Ashley: Mm-hmm. What is it about the cloud, too—I mean, we talked about microservices containers, those don’t have to be run on the cloud, but of course, we think of them as cloud native architecture. Is it from infrastructure management all the way through to the application itself? How do we have to rethink things than maybe what we did when everything was running in our own private data center? What’s fundamentally different that we might try to do it the old way in the cloud, but really, we’ve got to fundamentally change how you think about it?
Smith: Yeah, I think a lot of it comes down to that everything is accessible. I mean, there are private links and there are VPNs to make sure that it’s locked down, but at the end of the day, you don’t have physical access to these data centers. So, a lot of it comes down to, there is somehow public access, and we lock that down as much as possible.
But if you have an EC2 instance in AWS or a VM instance in Azure or GCP, it can be exposed to the world. And making sure that the security groups or the firewall rules are set so that they’re blocking, there’s no catch—I had a customer who explained it to me very well. Where you kinda get these layers of checks in the on prem world where, even if somebody goes in and provisions a virtual machine that is exposed and has all these misconfigurations, most likely, it’s not gonna be touching the world. No one’s gonna be able to access it, so it’s not a big deal. But cloud security, those misconfigurations can really bite you, because they are exposed. And so, getting that right is more critical, and making sure the misconfigurations are found and fixed, it’s much more important than it was in the on prem world.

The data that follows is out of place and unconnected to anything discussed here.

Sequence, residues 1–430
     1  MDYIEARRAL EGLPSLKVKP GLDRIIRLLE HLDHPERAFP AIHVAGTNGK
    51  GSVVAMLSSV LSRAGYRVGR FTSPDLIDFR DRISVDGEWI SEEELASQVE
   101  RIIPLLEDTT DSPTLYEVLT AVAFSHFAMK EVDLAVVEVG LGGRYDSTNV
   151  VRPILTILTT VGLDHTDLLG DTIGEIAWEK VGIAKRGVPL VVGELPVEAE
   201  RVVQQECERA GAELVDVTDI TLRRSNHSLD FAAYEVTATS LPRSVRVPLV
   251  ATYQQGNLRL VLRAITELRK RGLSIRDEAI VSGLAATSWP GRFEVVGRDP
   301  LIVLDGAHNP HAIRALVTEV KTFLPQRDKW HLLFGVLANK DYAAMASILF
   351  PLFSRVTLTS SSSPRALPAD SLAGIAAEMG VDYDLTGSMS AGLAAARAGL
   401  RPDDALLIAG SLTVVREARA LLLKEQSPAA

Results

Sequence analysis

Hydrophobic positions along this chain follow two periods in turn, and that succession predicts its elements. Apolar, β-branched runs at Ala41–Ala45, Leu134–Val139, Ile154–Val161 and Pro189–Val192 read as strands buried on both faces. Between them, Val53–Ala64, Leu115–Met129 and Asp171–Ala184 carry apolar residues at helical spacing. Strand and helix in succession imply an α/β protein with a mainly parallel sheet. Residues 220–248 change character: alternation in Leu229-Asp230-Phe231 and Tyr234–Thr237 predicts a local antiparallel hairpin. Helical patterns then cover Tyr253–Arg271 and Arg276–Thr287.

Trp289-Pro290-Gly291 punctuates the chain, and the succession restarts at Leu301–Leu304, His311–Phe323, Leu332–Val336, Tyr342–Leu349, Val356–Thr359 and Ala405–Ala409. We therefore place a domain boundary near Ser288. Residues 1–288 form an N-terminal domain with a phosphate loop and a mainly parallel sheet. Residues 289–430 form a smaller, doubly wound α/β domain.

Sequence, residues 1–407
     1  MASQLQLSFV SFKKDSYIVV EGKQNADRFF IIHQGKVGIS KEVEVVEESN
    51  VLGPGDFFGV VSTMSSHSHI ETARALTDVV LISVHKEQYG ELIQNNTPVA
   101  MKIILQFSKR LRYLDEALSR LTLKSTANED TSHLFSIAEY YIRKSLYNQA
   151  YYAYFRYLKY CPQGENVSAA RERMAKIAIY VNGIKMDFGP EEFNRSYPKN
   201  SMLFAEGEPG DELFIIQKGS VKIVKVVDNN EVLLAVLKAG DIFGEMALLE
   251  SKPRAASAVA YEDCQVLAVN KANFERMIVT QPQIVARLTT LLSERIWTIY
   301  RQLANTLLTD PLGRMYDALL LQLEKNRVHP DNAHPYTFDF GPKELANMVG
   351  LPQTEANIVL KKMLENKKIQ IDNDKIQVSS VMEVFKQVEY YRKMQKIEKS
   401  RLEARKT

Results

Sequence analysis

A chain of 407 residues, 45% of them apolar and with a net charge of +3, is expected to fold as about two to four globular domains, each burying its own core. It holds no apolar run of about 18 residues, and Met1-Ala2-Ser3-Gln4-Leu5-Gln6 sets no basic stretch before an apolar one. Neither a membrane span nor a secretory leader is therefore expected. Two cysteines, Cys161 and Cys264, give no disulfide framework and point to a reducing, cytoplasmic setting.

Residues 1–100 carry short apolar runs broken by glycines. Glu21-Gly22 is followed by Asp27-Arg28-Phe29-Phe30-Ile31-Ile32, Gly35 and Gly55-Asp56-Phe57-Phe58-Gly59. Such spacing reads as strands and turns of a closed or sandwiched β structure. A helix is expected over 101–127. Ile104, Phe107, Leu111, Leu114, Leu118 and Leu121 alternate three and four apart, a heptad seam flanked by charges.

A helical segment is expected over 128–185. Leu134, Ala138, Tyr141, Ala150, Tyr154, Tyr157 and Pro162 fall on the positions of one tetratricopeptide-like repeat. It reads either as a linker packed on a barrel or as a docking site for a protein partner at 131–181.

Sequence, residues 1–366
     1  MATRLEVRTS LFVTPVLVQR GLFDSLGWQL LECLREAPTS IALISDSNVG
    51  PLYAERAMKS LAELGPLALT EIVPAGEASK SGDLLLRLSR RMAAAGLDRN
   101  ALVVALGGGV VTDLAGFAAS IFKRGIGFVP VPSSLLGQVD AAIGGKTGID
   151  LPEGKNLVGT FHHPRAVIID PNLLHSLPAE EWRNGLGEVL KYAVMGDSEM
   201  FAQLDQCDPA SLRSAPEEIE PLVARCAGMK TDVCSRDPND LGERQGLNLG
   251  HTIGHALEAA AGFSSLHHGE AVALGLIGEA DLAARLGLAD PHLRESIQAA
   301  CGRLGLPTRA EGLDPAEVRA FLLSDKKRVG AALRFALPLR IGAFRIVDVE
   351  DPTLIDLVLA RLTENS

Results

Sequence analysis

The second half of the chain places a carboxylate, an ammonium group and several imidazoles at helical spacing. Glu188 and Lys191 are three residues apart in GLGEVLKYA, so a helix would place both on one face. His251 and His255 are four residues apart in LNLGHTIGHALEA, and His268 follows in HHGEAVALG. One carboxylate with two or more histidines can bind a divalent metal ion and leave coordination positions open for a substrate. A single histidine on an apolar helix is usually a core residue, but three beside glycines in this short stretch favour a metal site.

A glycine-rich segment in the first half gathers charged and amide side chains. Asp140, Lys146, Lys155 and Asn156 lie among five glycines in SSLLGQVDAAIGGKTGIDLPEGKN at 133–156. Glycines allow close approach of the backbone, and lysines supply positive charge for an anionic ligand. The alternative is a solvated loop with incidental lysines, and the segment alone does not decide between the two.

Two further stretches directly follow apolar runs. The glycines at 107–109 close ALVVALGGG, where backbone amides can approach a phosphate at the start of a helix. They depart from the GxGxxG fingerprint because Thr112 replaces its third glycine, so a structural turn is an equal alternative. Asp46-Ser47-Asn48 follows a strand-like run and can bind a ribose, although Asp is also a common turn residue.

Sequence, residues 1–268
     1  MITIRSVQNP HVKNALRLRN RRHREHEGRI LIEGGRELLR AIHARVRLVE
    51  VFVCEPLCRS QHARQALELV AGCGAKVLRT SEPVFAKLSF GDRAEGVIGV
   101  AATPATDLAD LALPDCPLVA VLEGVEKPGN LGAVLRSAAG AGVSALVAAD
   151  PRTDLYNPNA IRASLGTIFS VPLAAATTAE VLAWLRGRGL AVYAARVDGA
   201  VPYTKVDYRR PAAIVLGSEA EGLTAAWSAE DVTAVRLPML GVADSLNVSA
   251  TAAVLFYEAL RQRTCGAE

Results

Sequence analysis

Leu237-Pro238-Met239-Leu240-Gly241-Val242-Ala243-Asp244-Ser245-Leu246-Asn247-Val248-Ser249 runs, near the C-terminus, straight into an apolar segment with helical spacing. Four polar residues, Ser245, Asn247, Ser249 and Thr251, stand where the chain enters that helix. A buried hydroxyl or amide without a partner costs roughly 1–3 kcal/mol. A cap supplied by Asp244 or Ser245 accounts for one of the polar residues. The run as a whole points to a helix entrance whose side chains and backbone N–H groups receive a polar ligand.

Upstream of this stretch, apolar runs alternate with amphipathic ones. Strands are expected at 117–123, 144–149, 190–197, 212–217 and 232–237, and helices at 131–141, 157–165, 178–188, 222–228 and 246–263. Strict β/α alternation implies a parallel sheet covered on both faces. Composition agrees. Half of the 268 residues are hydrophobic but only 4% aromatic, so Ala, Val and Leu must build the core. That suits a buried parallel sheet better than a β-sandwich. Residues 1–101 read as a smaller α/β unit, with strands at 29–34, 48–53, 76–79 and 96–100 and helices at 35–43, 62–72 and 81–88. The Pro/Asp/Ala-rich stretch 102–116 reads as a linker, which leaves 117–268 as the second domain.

Ashley: That’s interesting. I’m wondering how you approach a platform like Prisma. Obviously, people who are already Palo Alto customers may come to it kinda naturally through their relationship with you. But how is it, is it a network engineering team that says, “I need to figure out how to secure the cloud?” Is it a software Dev team saying, “I need better tools to make sure I’m configuring and writing secure code?” Who is it that usually is engaging you for Prisma and then how do they bring it into the organization and kind of spread the love, if you will? [Laughter]
Smith: Yeah, yeah. No, it’s fun. Part of what I really enjoy about being at Prisma versus some of my previous jobs is, I’m not working with a single person or archetype, I’m working with some cloud engineers, who they, it’s this new—frankly, new to me engineering type where they’re covering everything cloud. They’re doing full stack up to the application for everything provisioning infrastructure in the cloud. Where before, you might have a network specialist and a compute specialist, now you have a single engineer that covers the full cloud. And then we also have developers and DevOps teams that work with us, and so it’s not necessarily the security teams. And then, we also still work with the security teams, so the SOC, the security engineers and the cloud security specialist.